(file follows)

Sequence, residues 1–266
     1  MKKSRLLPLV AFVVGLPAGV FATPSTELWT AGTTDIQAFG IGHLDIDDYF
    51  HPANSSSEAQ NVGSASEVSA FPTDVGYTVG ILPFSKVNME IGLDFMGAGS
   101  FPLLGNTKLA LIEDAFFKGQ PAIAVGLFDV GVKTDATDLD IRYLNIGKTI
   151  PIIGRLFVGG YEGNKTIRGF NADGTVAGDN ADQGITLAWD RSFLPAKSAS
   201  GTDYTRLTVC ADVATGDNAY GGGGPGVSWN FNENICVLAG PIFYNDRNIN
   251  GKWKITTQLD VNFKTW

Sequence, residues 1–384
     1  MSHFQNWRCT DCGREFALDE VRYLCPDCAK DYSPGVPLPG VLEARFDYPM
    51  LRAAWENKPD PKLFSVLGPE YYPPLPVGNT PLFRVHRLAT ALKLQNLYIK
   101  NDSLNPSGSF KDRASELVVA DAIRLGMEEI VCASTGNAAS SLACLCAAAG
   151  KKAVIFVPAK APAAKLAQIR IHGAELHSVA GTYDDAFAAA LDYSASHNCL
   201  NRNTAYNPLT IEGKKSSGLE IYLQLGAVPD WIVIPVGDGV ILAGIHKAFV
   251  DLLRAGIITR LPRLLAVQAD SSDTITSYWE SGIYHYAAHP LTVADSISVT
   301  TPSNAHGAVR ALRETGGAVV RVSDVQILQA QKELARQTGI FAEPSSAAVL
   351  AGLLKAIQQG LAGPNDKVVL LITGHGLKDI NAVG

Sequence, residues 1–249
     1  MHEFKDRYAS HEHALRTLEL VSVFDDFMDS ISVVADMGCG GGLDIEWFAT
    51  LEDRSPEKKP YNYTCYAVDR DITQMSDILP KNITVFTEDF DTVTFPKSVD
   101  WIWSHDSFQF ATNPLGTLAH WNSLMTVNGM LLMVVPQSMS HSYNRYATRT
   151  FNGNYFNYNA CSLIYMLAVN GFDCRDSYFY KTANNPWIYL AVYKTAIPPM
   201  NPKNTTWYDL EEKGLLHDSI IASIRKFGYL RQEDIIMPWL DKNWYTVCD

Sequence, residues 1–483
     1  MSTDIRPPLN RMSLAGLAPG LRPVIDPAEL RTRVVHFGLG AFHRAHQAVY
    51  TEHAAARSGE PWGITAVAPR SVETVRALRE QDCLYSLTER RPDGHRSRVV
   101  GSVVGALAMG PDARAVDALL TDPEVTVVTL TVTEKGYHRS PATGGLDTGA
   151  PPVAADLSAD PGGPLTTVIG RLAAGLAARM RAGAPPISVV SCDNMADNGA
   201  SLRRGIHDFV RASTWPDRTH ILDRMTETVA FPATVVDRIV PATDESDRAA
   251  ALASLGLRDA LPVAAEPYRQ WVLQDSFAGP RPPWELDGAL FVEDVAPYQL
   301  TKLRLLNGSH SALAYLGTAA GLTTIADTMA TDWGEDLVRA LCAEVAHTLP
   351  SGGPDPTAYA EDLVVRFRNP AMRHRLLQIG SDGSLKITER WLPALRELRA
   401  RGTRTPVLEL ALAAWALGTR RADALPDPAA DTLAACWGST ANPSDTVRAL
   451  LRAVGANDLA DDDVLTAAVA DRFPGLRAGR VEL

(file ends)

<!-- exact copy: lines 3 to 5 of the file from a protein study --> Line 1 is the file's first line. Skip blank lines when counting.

    51  HPANSSSEAQ NVGSASEVSA FPTDVGYTVG ILPFSKVNME IGLDFMGAGS
   101  FPLLGNTKLA LIEDAFFKGQ PAIAVGLFDV GVKTDATDLD IRYLNIGKTI
   151  PIIGRLFVGG YEGNKTIRGF NADGTVAGDN ADQGITLAWD RSFLPAKSAS